Ok, that was a bit…much. I would like to do a better job of curating bloom day posts. But, I got carried away. I’ve got a thing for the underdog, which is why I drop in photos of flowers that no one else would bother with. And, I also have a thing for the unusual – those are sprinkled in here and there to add spice. Plus, I like the common flowers, gawdy flowers, stupidly ugly flowers, …and I had already processed all those photos. Seemed such a shame to waste them by not posting. But still, that was too much. Ha ha.

Head on over to May Dreams Gardens to see what’s blooming in other people’s gardens around the world.

This Post Has 14 Comments

  1. Kris P

    Wow! Your garden has exploded with flowers. Even your weeds are interesting. I have several plants I consider virtual weeds (like Centranthus ruber, Geranium incanum and Erigeron karvinskianus) that I tolerate and simply try to control but many more I mostly can’t name and try vainly to eliminate, the worst being spotted spurge (Euphorbia maculata), which literally emerges already in flower. I love your wide assortment of Ribes and your Pacific Coast Irises – I’ve only 2 varieties and need to find sources for more. And I so wish I could grow that interesting Paris quadrifolia!

    I require no apologies for long bloom day posts as I’m terrible at controlling the length of mine. I’ve gone over-the-top completely this month, breaking my presentation into 3 parts, the third of which is in the works right now.

    1. Garden Curmudgeon

      Oh yes, the spotted spurge will be on its way as soon as it warms up enough here. I don’t think there is much hope of eliminating that one. I sort of forgot about it because I haven’t seen any yet. Surprised to see Geranium incanum as a weed, but now that I think about it, many Geraniums seem to have that propensity. Looking forward to seeing all the flowers from your post!

  2. danger garden

    Not too much! It was a great wide-ranging post. Something for everyone 😉

    1. Garden Curmudgeon

      Glad you enjoyed it. I think it ended up being too much for me though! Trying to figure out the best length for a blog post – it always seems inversely proportional to the amount of time that I have. When it’s cold and wet outside, I don’t have a lot to say. When I have tons to say because I’ve been gardening, I don’t have much time to post.

  3. Yvonne

    Your garden seems to be exploding with flowers, and as far as I am concerned, there is no such thing as too many flower photos. Cleavers and vetch are a headache here, and they both will grow as tall as they need to reach sun. I love False Solomon’s Seal. It grows nicely under our oak trees. I’ve thoroughly enjoyed your post, and I sometimes photograph weed flowers also.

    1. Garden Curmudgeon

      Thanks Yvonne. I figure as long as I am out there, I might as well photograph the weeds too and get to know them better.

  4. hb

    Wonderful, unique array of flowering plants–enjoyed your comments as much as the photos. Lovely Dicentra, the former name of the Cactus–what a hoot, the “freebie” Rhododendron looks like a million bucks.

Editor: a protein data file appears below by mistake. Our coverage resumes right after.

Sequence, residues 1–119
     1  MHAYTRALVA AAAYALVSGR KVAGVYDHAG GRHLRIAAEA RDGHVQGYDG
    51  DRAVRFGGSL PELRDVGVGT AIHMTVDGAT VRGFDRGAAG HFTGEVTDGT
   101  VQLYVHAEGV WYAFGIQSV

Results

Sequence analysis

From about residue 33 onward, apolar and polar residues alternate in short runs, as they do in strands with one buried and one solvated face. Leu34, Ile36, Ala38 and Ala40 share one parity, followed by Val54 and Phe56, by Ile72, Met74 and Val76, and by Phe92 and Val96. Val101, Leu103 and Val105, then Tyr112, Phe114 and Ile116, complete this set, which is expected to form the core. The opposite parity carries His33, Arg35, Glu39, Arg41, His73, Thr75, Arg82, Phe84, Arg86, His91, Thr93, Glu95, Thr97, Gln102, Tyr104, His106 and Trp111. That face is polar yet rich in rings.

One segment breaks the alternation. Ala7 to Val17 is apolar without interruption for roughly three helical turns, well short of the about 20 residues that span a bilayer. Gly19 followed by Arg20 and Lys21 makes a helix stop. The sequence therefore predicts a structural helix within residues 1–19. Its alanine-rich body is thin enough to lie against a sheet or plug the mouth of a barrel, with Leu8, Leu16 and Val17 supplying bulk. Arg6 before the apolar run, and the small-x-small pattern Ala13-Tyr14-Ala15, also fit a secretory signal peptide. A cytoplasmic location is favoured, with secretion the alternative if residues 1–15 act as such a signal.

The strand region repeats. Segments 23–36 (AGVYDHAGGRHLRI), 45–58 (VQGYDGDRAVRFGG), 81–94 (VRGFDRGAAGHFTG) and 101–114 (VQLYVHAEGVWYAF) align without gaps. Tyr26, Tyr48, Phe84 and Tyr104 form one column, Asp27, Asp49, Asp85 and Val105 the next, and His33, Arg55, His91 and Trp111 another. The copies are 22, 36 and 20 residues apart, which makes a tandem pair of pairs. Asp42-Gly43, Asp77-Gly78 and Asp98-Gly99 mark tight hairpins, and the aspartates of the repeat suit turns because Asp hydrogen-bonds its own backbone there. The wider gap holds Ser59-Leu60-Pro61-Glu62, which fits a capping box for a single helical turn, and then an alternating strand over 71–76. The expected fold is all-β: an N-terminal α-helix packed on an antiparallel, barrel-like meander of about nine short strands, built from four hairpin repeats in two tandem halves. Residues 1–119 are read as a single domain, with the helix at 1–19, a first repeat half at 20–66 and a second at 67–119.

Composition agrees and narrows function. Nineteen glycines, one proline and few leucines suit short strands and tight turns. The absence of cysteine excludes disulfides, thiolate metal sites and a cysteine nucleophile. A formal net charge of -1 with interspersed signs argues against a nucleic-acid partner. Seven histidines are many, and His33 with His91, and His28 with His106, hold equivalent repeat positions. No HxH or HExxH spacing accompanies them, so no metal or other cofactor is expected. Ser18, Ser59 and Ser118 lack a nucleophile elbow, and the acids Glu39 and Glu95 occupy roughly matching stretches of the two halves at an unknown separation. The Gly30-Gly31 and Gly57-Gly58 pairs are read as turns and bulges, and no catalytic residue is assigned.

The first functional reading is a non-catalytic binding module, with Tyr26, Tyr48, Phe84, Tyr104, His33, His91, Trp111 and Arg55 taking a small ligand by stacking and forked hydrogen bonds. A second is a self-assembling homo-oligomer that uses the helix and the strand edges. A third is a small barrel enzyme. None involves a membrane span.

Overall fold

Fun post! Happy Springtime, Jerry.

    1. Garden Curmudgeon

      Happy Springtime Indeed! It’s my favorite time of year.

  5. Molly

    So much of interest to me here! I had to look up Nemophila, since it’s not something I see here in New Hampshire. Love the petal colours and patterns. And the ‘Faceplant’ and ‘Electrus’ Narcissus (Narcissi?). Coincidentally, I just saw my first Lamium orvale in a collector’s public garden last week, Bedrock Gardens in Lee, NH. It looked so interesting I checked iNaturalist for an ID, so I knew exactly what yours was without even reading the text. Love the fragrance of Maianthemum racemosum.

    1. Garden Curmudgeon

      It’s always fun to see what other people grow in their gardens around the country. I remember many years ago I was at a small conference in the White Mountains of New Hampshire and saw bluets (Houstonia caerulea) for the first time. I thought they were beautiful and now I am realizing they might be fun to try in our rock garden. I haven’t used an app yet for identifying plants – I am always paging through identification books. It might be time for me to try one of them out. Thanks for stopping by!

  6. Denise Maher

    I for one enjoy longish posts, and you have quite a range of interesting plants — and you’ve helped me immensely by identifying the geranium weeds I inherited in the vegetable garden!

    1. Garden Curmudgeon

      If there is one thing I can grow well, it’s weeds! I have a lot of fun trying to identify them. Glad you found it helpful.

  7. Anna K

    Honestly, I’m grateful for all the weed IDs… If you can keep all those names in your head, I’m very impressed! I for one will refer to this post for future recollections.
    Interesting about the coffee substitute. That might actually come in handy one day. Chicory is said to be another one that works.
    I wonder if you could eat the vetch flowers? If they are the same thing we have in Sweden, they have a really pleasant, sweet flavor. And the color would be a knockout addition to any salad or herb mix!

    1. Botanica Chaotica

      I can keep some of the weed names in my head, but others I have to constantly keep looking up. At least they are here now for us to reference. I wonder too about the vetch flowers – you are right, they would be very pretty in a salad. I did read that the seeds are toxic unless cooked.